How Stuff Works – 802.11n MIMO

If you have been following my blog, you know that I have a poll regarding the greatest challenges to 802.11n deployment in the enterprise.  (Here’s your chance to rock the vote!)

One challenge for replacing desktop Ethernet with wireless is speed.  Perhaps the widest publicized enhancement to 802.11n is that of MIMO (“my-moe”) antennas, which stands for “Multiple Input, Multiple Output”.  How does MIMO work?

To answer that question, let’s look at how a classic 802.11 wireless transmitter operates:

802.11 Classic Transmitter

802.11 Classic Transmitter

In this case, the signal is sent out of one antenna.  The signal is received by both antennas at the other end, but only one signal is processed and sent up to the MAC layer.   Antenna diversity helps in the fact that the best signal is the one that is processed, but remember that it is still a single antenna that processes the receives and processes the RF energy.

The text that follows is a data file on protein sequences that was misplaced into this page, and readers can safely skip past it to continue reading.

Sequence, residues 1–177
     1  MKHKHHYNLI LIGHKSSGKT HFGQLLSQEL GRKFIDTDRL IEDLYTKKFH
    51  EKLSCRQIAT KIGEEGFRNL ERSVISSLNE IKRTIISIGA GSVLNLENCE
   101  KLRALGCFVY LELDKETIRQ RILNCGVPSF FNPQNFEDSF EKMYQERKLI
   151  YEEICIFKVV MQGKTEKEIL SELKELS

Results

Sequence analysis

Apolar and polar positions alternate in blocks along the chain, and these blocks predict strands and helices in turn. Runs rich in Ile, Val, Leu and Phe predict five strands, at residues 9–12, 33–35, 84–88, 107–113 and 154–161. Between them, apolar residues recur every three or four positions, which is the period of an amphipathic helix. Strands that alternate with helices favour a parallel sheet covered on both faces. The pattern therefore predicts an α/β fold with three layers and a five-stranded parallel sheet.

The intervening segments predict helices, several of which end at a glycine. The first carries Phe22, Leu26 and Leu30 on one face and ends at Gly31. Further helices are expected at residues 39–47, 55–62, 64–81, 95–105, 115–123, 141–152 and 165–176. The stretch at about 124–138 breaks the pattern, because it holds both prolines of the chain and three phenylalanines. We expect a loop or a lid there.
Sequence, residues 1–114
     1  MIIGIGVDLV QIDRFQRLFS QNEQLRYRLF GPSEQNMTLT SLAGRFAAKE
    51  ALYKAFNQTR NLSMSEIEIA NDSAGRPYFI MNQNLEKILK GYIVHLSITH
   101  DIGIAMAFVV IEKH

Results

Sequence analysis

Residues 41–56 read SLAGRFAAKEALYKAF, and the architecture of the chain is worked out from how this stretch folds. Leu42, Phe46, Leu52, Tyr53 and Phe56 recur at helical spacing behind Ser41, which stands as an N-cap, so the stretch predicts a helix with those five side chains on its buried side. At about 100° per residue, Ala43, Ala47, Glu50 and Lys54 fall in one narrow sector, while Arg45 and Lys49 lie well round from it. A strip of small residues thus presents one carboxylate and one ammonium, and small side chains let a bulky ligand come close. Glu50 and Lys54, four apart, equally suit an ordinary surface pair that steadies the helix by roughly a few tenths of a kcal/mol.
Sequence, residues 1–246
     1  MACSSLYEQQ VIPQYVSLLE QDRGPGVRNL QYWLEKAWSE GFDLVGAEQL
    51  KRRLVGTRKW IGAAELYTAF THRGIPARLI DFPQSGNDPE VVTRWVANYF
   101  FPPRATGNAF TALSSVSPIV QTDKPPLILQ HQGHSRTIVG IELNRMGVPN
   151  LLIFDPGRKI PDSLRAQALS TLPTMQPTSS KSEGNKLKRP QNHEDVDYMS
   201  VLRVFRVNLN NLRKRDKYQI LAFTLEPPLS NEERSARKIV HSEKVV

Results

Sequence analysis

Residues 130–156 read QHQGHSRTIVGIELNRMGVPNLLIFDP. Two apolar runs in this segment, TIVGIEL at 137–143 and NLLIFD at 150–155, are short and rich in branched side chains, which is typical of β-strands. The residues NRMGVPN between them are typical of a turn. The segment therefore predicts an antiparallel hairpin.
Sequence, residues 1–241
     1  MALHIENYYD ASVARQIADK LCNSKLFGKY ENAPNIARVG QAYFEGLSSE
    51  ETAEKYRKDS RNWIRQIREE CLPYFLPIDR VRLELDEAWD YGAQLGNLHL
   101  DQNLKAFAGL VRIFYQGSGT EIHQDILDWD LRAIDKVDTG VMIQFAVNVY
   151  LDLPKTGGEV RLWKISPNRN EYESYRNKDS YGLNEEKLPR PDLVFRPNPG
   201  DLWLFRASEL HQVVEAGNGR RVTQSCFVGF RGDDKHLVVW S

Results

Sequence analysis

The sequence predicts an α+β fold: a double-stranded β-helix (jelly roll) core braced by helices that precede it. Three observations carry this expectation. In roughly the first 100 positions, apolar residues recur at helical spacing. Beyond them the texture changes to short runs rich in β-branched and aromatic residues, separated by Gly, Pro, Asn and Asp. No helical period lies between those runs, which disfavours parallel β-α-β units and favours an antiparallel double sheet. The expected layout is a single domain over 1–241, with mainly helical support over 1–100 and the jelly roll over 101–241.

Let’s compare that to a MIMO antenna structure:

MIMO Signal Processing

MIMO Signal Processing

In this case, we have three transmit antennas and three receive antennas (often referred to as 3×3 MIMO).  The black, green, and red lines above each represent their own signal.   With MIMO all three signals are received and processed up the stack.   This significantly improves the receiver’s “ability to hear” and it represented in the graph above by the orange line.

You may hear different implementations of MIMO such as 2×3 and 3×3.  The first number is the number of transmit antennas and the second number is the number of receive antennas.   If you hear 3x3x2, the last number refers to the number of spatial streams, which I will discuss in another post.


7 comments so far

  1. Kara on

    When is the next Haider Hundred?

    Feel free to delete this comment, but shoot me an email; I can’t find an email address for you on your blog. 🙂

  2. Anonymous on

    So what did you say? i’m not sure this reaches the level of “how it works”

  3. Anonymous on

    what is recursive spatial multiplexing

  4. fetflex on

    So there is essentially no Mimo without Spatial Multiplexing. MIMO is the antenna’s and Spatial Multiplexing is the way they communicate?

    • wifijedi on

      You can have MIMO antenna with a single spatial stream.

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